Aldi make second bid to expand supermarket despite objections

By Joe Sweeney | Wolverhampton | Property | Published: | Last Updated:

A supermarket has made a second bid to expand its Wolverhampton store despite objections from residents and plans being thrown out almost a year ago.

Aldi is bidding for a second time to expand its supermarket in Blakenhall. Picture: Google

Aldi has now submitted a second planning proposal for its supermarket, in Blakenhall, at the junction of Goldthorn Hill and Dudley Road.

The proposal involves the purchase and demolition of a pair of semi-detached houses, and half the garden of the home next door, and replacing them with car parking.

Supermarket bosses have also proposed more landscaping around the edge of the site to "soften the appearance of the car park".

Wolverhampton Council planners have recommended the scheme for approval when it comes before councillors next Tuesday.

Wolverhampton Council has so far received four letters of objection, citing loss of car parking, loss of housing, traffic disruption during and after the development, highways and pedestrian safety due to the store being located in a residential area, disruption to neighbouring properties, the increase in traffic and the impact on the area.

A CGI image of the planned extension at Aldi, in Blakenhall

The previous application was rejected in January 2019 on similar grounds, after residents living nearby turned out in force to protest against it.

Resident, David Riley, said he had campaigned since 1993 to limit the impact the store had on the local neighbourhood.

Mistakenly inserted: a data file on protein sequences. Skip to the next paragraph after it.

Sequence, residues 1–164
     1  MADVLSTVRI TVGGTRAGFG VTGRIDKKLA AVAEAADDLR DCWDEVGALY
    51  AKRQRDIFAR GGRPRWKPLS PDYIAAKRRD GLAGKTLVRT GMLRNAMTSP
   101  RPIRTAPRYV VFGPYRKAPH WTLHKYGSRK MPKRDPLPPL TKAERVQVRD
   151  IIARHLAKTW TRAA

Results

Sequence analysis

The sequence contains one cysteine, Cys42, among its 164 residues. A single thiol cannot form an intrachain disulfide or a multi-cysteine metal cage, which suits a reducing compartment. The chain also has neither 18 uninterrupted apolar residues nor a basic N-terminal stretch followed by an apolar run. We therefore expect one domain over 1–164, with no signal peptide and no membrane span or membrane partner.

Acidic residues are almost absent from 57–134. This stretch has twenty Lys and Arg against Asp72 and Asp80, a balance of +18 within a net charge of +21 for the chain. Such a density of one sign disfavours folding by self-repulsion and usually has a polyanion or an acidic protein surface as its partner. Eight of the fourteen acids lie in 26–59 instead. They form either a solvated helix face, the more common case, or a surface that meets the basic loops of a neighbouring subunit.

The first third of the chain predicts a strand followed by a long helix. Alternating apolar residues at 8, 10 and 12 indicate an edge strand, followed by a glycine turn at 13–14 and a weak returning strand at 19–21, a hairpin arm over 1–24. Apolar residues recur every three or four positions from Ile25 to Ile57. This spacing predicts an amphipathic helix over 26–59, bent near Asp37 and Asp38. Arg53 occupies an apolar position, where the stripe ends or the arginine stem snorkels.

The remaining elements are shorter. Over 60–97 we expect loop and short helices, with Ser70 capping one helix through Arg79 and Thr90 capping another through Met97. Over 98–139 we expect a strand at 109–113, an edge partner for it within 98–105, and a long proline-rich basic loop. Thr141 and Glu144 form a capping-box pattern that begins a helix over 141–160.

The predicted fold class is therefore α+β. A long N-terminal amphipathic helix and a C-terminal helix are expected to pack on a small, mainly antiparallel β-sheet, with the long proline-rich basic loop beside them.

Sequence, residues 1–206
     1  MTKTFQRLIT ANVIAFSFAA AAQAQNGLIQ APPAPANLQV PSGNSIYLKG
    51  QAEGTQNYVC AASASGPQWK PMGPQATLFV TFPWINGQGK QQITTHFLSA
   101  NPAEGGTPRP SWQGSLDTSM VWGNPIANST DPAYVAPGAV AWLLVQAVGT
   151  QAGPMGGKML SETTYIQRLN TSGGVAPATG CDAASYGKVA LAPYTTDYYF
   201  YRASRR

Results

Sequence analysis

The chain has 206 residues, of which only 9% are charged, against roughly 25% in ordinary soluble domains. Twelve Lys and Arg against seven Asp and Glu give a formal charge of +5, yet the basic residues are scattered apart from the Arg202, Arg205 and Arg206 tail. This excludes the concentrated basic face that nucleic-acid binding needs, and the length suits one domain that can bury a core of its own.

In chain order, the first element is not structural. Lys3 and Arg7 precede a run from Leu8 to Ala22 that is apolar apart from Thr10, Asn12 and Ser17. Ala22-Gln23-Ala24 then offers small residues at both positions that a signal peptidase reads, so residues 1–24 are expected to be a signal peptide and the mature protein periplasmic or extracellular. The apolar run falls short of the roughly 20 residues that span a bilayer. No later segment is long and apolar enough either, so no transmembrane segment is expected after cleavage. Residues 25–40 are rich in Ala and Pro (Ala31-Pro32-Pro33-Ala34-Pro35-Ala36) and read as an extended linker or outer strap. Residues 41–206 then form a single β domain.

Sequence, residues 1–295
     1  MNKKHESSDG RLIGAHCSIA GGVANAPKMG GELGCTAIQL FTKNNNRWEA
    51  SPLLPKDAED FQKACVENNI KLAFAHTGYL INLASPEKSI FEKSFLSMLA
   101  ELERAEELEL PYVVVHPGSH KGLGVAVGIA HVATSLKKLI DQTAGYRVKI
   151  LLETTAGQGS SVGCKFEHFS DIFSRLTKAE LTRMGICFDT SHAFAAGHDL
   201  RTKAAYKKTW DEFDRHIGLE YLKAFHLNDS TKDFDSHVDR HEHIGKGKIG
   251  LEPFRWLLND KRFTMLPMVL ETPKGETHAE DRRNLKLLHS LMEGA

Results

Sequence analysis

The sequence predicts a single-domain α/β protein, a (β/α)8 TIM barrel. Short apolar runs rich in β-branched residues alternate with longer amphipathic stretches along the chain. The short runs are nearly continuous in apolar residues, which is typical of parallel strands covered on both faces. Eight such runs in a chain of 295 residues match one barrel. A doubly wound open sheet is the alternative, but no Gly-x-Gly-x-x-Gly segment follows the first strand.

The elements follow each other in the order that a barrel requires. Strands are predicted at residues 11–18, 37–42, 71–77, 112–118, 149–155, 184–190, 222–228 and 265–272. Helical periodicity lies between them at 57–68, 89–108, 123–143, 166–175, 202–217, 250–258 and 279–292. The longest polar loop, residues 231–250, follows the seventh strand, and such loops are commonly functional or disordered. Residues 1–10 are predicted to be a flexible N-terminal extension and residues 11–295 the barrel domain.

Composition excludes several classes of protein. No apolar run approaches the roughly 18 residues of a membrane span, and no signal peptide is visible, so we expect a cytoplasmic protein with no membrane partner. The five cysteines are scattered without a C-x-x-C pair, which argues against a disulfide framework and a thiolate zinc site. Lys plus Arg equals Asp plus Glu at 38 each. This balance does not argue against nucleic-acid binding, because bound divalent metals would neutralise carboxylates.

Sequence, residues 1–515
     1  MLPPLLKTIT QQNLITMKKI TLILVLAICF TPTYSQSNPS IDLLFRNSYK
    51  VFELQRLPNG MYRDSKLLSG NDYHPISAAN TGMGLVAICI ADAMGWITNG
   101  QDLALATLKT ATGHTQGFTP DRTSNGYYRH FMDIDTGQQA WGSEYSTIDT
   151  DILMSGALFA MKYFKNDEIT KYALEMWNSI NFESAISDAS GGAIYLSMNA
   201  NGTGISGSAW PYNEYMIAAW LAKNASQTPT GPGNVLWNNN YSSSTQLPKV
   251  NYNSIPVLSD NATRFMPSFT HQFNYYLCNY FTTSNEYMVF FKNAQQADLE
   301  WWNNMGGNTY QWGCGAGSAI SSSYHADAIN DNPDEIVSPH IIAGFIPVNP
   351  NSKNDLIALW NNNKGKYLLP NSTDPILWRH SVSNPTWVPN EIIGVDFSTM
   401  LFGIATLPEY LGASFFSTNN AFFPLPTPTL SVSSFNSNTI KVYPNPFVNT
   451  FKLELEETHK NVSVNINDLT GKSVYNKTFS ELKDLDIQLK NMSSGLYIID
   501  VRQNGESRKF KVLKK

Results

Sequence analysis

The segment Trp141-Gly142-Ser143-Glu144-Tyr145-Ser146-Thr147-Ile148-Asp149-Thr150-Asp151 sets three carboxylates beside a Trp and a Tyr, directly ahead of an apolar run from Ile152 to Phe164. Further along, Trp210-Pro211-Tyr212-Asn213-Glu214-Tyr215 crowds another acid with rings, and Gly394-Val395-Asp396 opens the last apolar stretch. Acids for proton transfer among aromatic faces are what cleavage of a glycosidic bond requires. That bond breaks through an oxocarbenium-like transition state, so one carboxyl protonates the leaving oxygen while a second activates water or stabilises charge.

He also described Aldi’s submissions as “aggressive”.

The new proposal incorporates several design changes including an extension to the service area for a loading dock, an extension/relocation of the existing car park and a new access from Goldthorn Hill.

In a report to Wolverhampton Council, planning officer Tracey Homfray said: “The three key issues in this case are the principle of the use, highway safety and the impact on neighbours’ amenities."

She added: “The applicant’s agent has also set out Aldi’s rationale for the proposed store, which includes the need to improve its efficient operation, particularly in terms of restocking the shelves.

“A neighbour has raised the issue of the loss of housing stock. The loss of two houses is a disbenefit but is not significant enough to justify a planning reason for refusal,” she added.

Wolverhampton Council's planning committee will hear the application at the meeting which starts at 2pm in committee room three at Wolverhampton Civic Centre.

Joe Sweeney

By Joe Sweeney

Local Democracy Reporter covering Wolverhampton.


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